Jamestown, Stutsman County have long list of infrastructure needs

If the federal government passes an infrastructure package this year, local governments will have a variety of projects that could be completed.

Water main
Jamestown's aging infrastructure occasionally fails as shown in this Dec. 20, 2019 photo taken of repairs to a water main on First Avenue. Keith Norman / The Sun

Local officials say they have no shortage of possible projects if funding becomes available through the federal infrastructure plan that is currently under discussion.

The Biden administration announced Wednesday a $2 trillion infrastructure plan that is the first phase of what has been called the "build back better" plan. The plans announced Wednesday included about $620 billion for transportation infrastructure. Potential funding for the plan includes a tax hike on corporate income.

"We can look anywhere across our city and we have aging infrastructure," said Travis Dillman, city engineer for Interstate Engineering. "We've been working on updating (infrastructure) but it takes time."

The city has street, water, sanitary sewer and stormwater infrastructure that all have various needs for updating, Dillman said.

"We still are trying to finalize the list of needs," he said. "The final decision rests with the City Council."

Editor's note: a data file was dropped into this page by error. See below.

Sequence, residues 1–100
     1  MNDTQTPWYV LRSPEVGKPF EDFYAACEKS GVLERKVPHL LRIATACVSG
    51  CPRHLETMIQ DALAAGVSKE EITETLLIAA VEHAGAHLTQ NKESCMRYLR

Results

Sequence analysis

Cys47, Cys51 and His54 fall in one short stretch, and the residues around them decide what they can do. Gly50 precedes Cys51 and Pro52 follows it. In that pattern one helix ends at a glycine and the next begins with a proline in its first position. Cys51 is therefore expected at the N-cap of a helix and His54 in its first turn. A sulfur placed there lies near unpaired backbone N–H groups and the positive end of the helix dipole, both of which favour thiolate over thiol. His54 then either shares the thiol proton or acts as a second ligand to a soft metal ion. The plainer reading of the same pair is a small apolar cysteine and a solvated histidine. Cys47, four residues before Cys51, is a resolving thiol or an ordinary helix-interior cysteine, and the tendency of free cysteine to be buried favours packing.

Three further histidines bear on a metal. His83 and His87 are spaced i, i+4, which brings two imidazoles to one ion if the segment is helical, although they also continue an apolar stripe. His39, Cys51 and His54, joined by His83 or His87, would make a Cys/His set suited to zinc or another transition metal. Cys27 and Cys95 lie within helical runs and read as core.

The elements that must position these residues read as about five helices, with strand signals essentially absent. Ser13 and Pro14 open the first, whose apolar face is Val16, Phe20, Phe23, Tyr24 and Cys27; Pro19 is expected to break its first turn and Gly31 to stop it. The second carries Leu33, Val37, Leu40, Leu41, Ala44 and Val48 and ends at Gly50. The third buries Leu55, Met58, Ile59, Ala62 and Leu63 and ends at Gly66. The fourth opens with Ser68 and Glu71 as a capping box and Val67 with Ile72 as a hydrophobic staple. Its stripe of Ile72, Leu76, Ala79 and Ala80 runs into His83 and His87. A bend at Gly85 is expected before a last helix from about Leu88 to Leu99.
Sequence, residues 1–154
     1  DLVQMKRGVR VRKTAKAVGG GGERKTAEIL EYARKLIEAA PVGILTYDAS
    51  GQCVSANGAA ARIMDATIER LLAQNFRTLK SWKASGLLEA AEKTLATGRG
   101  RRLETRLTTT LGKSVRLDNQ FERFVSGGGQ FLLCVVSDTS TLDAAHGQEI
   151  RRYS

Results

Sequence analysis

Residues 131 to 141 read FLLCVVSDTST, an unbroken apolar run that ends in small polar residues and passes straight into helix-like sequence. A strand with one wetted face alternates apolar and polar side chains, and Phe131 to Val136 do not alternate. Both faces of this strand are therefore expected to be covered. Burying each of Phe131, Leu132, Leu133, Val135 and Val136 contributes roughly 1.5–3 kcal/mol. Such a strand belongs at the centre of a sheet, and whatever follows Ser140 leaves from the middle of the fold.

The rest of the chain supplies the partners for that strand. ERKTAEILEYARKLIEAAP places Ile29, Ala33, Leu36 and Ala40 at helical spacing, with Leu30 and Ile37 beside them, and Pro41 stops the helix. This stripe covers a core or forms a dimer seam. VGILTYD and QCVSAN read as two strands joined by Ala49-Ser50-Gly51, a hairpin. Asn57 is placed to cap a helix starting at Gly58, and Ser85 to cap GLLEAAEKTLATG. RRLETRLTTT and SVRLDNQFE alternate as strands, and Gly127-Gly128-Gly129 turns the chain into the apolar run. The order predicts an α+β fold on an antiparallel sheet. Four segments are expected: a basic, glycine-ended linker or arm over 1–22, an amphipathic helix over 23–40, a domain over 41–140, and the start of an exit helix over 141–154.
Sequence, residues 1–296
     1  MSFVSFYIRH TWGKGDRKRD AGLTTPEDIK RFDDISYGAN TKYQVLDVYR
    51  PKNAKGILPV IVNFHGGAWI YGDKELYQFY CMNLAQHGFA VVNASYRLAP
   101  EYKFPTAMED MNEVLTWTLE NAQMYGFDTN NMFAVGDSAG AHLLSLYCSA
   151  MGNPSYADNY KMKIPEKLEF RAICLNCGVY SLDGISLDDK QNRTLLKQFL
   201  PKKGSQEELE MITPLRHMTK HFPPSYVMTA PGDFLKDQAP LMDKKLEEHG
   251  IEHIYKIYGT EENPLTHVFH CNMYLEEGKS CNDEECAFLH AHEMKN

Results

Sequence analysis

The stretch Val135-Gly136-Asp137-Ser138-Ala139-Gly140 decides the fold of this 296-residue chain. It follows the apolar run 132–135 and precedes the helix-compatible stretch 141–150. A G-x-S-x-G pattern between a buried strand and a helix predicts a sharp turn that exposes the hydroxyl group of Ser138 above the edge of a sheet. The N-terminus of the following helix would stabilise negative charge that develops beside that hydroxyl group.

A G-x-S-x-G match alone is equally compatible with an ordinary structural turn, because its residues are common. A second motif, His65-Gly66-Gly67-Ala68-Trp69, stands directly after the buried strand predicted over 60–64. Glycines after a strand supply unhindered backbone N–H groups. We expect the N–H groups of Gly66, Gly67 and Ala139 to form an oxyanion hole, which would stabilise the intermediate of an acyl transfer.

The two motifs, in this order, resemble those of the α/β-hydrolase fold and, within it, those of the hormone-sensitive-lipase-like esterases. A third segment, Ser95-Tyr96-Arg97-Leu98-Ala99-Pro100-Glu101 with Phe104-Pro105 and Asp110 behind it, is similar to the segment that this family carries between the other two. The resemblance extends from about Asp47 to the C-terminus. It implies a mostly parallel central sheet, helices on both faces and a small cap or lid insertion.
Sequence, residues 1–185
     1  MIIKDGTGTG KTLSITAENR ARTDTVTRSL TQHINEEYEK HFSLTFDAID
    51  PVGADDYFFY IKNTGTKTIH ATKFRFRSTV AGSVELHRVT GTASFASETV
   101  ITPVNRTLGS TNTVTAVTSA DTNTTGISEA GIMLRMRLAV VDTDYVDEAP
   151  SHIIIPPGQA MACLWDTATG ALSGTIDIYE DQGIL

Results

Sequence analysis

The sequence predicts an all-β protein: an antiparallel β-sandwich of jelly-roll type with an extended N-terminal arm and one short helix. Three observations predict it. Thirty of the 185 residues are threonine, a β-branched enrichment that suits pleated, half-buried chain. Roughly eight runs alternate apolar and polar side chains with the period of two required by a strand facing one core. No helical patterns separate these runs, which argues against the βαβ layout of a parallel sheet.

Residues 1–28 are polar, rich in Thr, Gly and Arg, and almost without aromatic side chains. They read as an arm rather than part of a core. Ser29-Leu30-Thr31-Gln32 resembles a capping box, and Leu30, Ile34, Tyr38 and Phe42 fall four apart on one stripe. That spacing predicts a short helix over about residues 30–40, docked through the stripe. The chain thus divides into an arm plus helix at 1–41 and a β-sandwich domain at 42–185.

Even discussion of a priority list will likely wait until there are estimates of how much the city of Jamestown might receive, Dillman said.

Stutsman County has a more limited list of infrastructure, according to Mickey Nenow, county road superintendent.

"We have plenty of things to do," he said, "but for the county, it is all just roads and bridges."

The county bases its road work priorities on the condition of the road and the amount of traffic it carries.

"Right now, we have priorities all over the place," Nenow said.

The Stutsman County Commission has the final word on all infrastructure projects.

The federal plan includes updates to communications infrastructure, the power grid and the removal of lead pipe from any remaining water systems, among other projects.

"I'm not aware of any lead pipe in the city water system," Dillman said. "But we do have lead pipe in some older homes between the water system and the building."


Dillman said the city could look for grants or other ways to reduce the costs to the building owner in those circumstances.

Determining what infrastructure projects get done is always a simple formula, he said.

"We want to get the most bang for the buck," Dillman said.

Using a federal source of funding for a necessary project would reduce the burden on local taxpayers if the same work has to be done as a locally funded project, he said.

No one knows how much or even if local governments will receive from the infrastructure package. Dillman said it was likely the funding wouldn't be enough to build a really large project such as an additional overpass or underpass at the railroad tracks.

"We do know it will be to repair or replace existing infrastructure rather than to build new infrastructure," he said.

And any work is likely more than a year in the future.

"Regardless of when the funding was approved, we are looking at the 2022 construction season at the earliest," Dillman said.

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